Preclinical, phase I, and phase II investigational clinical trials for treatment of progressive supranuclear palsy.
- Author(s): Shoeibi, Ali;
- Olfati, Nahid;
- Litvan, Irene
- et al.
Published Web Locationhttps://doi.org/10.1080/13543784.2018.1460356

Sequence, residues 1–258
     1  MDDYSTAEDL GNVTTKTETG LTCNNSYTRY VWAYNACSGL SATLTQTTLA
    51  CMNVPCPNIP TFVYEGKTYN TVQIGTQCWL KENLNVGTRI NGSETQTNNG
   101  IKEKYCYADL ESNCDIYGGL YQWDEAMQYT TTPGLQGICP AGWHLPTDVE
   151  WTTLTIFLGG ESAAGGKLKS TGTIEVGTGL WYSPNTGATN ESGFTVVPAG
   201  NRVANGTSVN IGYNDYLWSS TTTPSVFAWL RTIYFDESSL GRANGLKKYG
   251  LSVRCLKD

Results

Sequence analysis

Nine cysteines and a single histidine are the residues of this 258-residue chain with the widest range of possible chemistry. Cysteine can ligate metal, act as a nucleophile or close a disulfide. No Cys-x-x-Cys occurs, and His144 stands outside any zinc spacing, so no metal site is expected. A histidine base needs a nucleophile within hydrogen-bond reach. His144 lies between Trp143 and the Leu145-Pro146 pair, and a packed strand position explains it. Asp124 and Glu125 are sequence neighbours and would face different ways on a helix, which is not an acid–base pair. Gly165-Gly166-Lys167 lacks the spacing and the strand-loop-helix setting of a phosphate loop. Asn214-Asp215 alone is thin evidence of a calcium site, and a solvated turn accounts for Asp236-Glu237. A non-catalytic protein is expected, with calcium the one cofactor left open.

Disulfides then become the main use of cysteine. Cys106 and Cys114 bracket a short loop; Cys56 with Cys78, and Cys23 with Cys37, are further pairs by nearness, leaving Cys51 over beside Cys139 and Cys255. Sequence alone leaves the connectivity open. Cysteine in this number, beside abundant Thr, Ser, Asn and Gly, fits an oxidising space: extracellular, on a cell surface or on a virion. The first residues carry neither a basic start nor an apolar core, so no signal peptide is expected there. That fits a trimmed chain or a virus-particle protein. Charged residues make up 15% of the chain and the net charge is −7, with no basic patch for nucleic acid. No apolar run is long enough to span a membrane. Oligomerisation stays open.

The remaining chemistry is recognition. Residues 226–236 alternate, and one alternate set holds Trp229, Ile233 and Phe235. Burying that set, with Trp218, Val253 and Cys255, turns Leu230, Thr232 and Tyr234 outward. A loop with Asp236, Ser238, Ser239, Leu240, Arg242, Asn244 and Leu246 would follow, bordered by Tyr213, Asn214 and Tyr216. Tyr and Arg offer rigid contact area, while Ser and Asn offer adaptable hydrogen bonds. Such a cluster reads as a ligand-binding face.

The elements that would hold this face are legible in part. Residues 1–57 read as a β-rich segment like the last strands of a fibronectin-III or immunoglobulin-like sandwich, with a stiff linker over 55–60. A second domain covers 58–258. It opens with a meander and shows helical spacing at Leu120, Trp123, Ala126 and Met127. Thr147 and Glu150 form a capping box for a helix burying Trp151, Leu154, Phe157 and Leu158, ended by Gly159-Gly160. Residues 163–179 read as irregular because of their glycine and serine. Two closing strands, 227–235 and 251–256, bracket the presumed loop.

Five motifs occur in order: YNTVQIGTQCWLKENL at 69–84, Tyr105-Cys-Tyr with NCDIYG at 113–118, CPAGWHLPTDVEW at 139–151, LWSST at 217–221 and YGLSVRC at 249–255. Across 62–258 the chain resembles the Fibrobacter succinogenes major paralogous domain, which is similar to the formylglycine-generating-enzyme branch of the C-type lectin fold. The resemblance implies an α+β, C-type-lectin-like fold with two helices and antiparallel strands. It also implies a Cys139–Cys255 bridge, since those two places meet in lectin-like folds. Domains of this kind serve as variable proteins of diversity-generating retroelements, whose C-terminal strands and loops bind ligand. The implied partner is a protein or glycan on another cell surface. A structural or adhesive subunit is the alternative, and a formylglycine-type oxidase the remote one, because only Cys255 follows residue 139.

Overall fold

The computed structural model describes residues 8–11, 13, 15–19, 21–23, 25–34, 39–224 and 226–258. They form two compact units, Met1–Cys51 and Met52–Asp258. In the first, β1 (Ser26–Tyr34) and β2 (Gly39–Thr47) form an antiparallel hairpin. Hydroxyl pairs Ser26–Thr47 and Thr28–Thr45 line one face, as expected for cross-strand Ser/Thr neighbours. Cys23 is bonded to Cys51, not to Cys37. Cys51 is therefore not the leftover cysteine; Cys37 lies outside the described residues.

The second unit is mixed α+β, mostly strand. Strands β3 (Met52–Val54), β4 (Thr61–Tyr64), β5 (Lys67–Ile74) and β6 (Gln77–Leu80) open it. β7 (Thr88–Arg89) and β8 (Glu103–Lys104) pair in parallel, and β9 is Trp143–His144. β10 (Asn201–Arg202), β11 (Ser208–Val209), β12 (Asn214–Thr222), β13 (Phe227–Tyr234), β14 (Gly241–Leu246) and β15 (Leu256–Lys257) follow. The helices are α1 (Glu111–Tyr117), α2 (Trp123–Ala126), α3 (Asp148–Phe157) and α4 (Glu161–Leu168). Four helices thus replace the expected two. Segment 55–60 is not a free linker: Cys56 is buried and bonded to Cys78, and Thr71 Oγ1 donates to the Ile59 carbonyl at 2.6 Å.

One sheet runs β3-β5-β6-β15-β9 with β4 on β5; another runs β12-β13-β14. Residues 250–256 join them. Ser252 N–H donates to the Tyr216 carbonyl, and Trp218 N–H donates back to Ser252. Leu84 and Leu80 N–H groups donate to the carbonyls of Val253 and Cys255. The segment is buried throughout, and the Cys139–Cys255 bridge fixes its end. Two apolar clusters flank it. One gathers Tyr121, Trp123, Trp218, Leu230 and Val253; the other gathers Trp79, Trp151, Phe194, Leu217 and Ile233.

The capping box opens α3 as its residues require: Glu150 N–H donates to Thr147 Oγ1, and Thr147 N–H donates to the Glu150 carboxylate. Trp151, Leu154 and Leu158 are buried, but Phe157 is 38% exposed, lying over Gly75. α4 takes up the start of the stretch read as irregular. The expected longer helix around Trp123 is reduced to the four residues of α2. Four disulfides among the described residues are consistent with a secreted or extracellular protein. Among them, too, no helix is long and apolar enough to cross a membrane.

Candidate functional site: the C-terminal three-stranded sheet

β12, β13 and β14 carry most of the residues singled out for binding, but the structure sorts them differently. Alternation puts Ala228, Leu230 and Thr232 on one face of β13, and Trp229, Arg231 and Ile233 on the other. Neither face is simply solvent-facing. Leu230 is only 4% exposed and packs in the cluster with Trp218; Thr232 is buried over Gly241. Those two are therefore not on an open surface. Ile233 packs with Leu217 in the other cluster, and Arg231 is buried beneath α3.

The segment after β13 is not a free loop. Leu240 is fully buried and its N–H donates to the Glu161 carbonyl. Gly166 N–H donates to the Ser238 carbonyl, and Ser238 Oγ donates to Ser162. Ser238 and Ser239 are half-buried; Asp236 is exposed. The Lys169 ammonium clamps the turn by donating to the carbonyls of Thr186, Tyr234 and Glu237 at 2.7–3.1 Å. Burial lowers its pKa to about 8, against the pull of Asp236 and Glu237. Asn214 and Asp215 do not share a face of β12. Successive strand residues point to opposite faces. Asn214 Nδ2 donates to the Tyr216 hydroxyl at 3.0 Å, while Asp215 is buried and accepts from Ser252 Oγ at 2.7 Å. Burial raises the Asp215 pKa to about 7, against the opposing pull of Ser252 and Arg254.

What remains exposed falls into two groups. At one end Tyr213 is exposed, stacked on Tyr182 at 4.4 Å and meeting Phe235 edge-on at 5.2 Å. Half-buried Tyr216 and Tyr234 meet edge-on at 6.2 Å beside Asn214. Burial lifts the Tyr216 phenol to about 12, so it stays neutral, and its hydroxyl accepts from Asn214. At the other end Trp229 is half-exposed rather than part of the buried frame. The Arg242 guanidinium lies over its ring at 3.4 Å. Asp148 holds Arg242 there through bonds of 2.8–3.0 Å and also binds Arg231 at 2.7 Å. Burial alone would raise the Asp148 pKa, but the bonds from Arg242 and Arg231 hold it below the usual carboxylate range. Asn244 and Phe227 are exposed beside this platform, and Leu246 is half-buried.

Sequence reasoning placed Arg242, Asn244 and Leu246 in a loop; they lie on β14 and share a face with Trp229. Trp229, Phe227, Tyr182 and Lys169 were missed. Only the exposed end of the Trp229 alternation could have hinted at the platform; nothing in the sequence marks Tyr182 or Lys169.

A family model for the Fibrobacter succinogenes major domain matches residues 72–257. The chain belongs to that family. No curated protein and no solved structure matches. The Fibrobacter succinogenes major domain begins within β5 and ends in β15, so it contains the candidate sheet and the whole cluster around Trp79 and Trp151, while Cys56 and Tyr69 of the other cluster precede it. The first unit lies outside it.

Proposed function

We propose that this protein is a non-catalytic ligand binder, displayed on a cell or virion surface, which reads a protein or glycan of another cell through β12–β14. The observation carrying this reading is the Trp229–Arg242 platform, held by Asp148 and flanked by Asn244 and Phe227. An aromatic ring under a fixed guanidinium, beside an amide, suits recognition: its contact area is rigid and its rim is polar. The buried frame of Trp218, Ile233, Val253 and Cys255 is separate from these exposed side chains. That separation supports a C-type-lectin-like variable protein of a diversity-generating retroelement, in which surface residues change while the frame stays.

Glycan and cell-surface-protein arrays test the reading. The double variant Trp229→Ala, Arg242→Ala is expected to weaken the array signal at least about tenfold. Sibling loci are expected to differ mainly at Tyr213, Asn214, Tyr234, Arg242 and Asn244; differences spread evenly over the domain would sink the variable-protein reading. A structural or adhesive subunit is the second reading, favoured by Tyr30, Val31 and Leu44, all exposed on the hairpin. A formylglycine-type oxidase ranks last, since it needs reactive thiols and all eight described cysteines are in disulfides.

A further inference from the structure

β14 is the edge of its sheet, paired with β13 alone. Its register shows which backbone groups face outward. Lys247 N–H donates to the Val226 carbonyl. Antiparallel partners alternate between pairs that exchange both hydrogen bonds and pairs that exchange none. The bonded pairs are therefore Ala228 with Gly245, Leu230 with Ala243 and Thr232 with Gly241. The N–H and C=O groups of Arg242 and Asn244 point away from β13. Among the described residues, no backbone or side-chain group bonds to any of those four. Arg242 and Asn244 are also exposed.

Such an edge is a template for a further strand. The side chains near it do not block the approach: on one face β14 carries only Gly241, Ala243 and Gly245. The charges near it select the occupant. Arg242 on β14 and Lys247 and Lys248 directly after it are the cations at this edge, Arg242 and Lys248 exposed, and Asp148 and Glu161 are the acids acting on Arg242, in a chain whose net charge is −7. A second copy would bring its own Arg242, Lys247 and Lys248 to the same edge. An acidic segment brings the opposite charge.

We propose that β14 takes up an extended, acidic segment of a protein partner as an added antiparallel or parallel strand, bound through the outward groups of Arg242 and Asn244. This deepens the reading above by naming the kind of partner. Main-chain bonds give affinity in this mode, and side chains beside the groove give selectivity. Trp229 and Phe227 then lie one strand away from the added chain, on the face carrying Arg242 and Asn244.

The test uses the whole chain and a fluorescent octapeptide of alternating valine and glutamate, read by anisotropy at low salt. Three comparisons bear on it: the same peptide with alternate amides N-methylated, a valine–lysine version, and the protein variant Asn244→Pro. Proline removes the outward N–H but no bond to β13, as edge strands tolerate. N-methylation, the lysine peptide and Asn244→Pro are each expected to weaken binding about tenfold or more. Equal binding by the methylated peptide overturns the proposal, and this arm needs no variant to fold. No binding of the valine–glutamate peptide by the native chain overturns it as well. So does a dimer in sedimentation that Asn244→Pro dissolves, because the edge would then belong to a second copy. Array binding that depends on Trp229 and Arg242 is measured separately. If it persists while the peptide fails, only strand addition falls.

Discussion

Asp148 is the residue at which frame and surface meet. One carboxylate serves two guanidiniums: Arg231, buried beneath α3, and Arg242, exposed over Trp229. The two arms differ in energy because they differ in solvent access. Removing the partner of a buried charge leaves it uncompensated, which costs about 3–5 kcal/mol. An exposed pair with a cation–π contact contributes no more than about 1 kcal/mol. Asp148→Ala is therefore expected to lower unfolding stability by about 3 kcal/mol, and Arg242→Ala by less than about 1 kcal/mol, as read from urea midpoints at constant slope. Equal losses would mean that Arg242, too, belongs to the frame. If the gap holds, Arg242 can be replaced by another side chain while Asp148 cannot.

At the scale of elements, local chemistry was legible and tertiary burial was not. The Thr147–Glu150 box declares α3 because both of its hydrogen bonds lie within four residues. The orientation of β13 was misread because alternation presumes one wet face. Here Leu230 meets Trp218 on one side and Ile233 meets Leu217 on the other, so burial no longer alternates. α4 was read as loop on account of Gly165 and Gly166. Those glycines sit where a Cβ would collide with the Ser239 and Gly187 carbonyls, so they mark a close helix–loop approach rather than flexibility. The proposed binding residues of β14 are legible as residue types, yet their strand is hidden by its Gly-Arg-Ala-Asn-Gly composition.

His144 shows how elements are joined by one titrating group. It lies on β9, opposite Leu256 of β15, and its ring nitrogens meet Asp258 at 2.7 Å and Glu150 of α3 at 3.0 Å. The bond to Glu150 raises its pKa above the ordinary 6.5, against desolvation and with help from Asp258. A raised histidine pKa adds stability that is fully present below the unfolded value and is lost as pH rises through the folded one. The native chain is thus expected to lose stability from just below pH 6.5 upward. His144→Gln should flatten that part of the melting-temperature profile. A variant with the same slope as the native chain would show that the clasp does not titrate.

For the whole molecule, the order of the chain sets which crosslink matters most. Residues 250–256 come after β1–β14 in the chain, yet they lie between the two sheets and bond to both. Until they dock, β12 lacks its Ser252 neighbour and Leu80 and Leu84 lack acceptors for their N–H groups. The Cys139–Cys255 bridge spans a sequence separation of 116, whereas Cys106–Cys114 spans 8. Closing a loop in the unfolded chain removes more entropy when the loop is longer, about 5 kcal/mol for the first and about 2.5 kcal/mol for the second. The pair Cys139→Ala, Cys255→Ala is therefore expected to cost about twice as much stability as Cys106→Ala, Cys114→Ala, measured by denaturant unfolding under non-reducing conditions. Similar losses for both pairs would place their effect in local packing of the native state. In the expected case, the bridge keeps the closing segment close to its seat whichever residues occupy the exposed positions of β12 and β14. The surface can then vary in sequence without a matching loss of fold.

INTRODUCTION:Our understanding of the pathological basis of progressive supranuclear palsy (PSP), as the most common atypical parkinsonian syndrome, has greatly increased in recent years and a number of disease-modifying therapies are under evaluation as a result of these advances. AREAS COVERED:In this review, we discuss disease-modifying therapeutic options which are currently under evaluation or have been evaluated in preclinical or clinical trials based on their targeted pathophysiologic process. The pathophysiologic mechanisms are broadly divided into three main categories: genetic mechanisms, abnormal post-translational modifications of tau protein, and transcellular tau spread. EXPERT OPINION:Once the best therapeutic approaches are identified, it is likely that some combination of interventions will need to be evaluated, but this will take time. It is critical to treat patients at early stages, and development of the Movement Disorder Society PSP diagnostic criteria is an important step in this direction. In addition, development of biological biomarkers such as tau PET and further refinement of tau ligands may help both diagnose early and measure disease progression. In the meantime, a comprehensive, personalized interdisciplinary approach to this disease is absolutely necessary.